Friday, June 13, 2008

Chinese inflation

Stephen Roaach is worried about inflation in China even as another FT article points out that there inflation is down month on month. Reading the whole article (to its credit, even the headline kibbitzs) leaves one a little more skeptical though, for a few reasons:
  1. Umm ... why exactly should we believe these statistics? Nobody believes them in Argentina, and they're right not to. There's even suggestions that the government manipulates this stuff in the US (partially true I think, but somewhat overblown). It was funny to read the Q&A sections the FT published about the individual BRIC economies. Russia was actually the most interesting market -- strong domestic demand growth, low valuations (10 times earnings), a floating currency, and a tremendously educated populace -- and yet all the questions were about whether it was pure Ruskie hyperbole, whether in fact that whole thing was totally corrupt and manipulated. Strangely, people didn't have the same skepticism with China or Brazil.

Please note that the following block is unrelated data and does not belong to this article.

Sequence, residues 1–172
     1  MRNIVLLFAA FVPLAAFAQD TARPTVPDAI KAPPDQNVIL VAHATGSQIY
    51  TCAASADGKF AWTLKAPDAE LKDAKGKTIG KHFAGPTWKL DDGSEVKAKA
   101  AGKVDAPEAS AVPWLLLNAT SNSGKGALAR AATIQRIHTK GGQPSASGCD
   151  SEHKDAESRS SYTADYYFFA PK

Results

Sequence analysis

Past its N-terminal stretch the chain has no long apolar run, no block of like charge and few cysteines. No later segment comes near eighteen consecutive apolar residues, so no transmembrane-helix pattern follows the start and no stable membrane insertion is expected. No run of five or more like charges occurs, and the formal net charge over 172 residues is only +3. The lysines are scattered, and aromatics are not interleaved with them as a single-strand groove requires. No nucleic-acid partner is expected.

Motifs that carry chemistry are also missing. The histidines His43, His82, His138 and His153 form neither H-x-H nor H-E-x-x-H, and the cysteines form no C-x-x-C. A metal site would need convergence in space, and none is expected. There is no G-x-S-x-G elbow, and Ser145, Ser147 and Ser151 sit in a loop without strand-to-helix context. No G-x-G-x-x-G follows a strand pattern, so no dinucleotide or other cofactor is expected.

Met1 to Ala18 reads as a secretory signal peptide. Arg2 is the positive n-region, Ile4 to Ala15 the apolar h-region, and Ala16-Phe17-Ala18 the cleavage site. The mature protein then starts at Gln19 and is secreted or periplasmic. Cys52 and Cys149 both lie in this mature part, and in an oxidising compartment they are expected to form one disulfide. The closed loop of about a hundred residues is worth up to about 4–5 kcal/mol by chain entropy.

2. The article goes on to point out that inflation is partly (maybe mostly) being tackled through price controls. This of course cannot possibly work in the long run, because it simply leads to shortages, which are apparently already occurring.
Chinese petrol and diesel prices, set by the state, have not increased since last November and energy rates are also capped despite rising coal prices. The result has been growing shortages of diesel at petrol stations and serious coal shortages at some power plants.

In the first week of June, Shandong and Shanxi provinces announced new controls on coal prices, to relieve the burden on power producers. Although there is little agreement on timing, the government is expected to raise oil and energy prices at some stage in the year.

There have also been reports of local government limits on prices of some foodstuffs, including milk and cooking oil. Yet even with these controls, separate figures released this week showed factory-gate inflation had edged up last month to 8.2 per cent, a four year-high.

Of course, they go on to point out that maybe this won't have a big impact on consumers because companies will absorb it as a hit to margins. That's fine, but not precisely the cure for inflation that an investor is looking to hear.

Somehow, the official figures don't give me a lot of comfort.

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